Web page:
Research Goals

The purpose of our research was to explore gossiping and direct communication in the presence of the target individual as the contexts in which an impression about the target individual is formed. Specifically, we focused on the relationship between the perceived selflessness of the source and trust in information and their effect on impression. Moreover, we aimed to examine whether the valence of information, that is, whether it is positive or negative, affects this relationship.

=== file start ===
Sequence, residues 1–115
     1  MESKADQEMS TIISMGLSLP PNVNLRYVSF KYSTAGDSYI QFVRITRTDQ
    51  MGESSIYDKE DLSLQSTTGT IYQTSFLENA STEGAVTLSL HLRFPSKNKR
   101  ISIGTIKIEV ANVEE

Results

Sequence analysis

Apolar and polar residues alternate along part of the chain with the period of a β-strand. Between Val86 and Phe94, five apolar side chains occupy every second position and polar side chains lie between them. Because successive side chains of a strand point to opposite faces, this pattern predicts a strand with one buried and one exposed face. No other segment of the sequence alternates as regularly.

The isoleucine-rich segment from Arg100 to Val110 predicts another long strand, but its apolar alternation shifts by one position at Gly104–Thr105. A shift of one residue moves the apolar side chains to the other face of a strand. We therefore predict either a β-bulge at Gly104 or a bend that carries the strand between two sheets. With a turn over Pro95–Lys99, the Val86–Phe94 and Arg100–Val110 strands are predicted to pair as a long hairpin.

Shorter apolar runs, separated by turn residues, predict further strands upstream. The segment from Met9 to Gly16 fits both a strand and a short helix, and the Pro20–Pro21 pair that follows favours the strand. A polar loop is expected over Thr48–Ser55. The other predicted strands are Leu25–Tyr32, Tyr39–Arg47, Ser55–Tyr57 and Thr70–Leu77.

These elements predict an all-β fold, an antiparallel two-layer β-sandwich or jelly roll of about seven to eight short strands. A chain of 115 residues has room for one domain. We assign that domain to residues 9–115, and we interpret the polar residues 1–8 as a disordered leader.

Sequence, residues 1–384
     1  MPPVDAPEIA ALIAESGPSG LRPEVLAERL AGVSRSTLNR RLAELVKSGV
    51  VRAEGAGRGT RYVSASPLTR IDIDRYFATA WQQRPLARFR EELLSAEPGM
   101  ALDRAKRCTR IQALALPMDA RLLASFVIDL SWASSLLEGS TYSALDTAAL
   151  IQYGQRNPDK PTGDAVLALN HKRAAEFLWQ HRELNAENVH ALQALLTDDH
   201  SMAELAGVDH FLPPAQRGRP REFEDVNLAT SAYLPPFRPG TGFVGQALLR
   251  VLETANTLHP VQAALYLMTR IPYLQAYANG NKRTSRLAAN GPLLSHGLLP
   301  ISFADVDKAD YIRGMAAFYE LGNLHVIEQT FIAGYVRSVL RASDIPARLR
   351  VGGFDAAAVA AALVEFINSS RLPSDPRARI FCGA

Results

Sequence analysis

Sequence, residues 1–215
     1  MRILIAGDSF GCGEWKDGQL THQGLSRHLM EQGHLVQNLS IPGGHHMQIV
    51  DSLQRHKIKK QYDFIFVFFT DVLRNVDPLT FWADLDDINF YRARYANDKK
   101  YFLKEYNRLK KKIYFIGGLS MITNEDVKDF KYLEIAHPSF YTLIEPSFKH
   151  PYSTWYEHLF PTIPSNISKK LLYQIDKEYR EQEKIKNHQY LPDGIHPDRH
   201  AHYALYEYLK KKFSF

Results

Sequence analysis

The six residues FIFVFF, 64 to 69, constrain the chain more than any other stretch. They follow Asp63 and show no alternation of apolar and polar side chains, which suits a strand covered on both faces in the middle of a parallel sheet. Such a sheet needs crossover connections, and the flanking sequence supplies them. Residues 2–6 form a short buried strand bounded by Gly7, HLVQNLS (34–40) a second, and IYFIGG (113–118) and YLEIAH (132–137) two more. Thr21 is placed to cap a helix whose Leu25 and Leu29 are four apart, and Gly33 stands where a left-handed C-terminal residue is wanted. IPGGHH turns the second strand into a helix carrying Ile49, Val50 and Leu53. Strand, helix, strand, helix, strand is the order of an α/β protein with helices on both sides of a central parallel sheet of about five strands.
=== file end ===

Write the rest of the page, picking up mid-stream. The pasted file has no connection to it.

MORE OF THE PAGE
The type of information and reasons for which a person conveys given information play a significant role in the possible impact of that information on impression formation (Wyer et al., 1994). We expect that the valence of information and the context affect the impressions of the target of the information. Specifically, we predict that when the source conveys positive information to a third party in the presence of the target individual, then that source of the information will not be as credible as a source that passes this information as gossip. It is likely that observing a person who speaks positively of another person in their presence might be interpreted as an attempt to use an ingratiation technique (Jones & Pittman, 1982). The source thus might be perceived as more selfless when passing positive information about the target individual by means of gossip than when this information is passed in the presence of the target person. Conversely, when the information coming from the source about the target individual is negative, then this information should be perceived as more selfless when it is passed in direct communication than as gossip. This is because the decision to convey negative information about a target individual in their presence may have costly interpersonal consequences.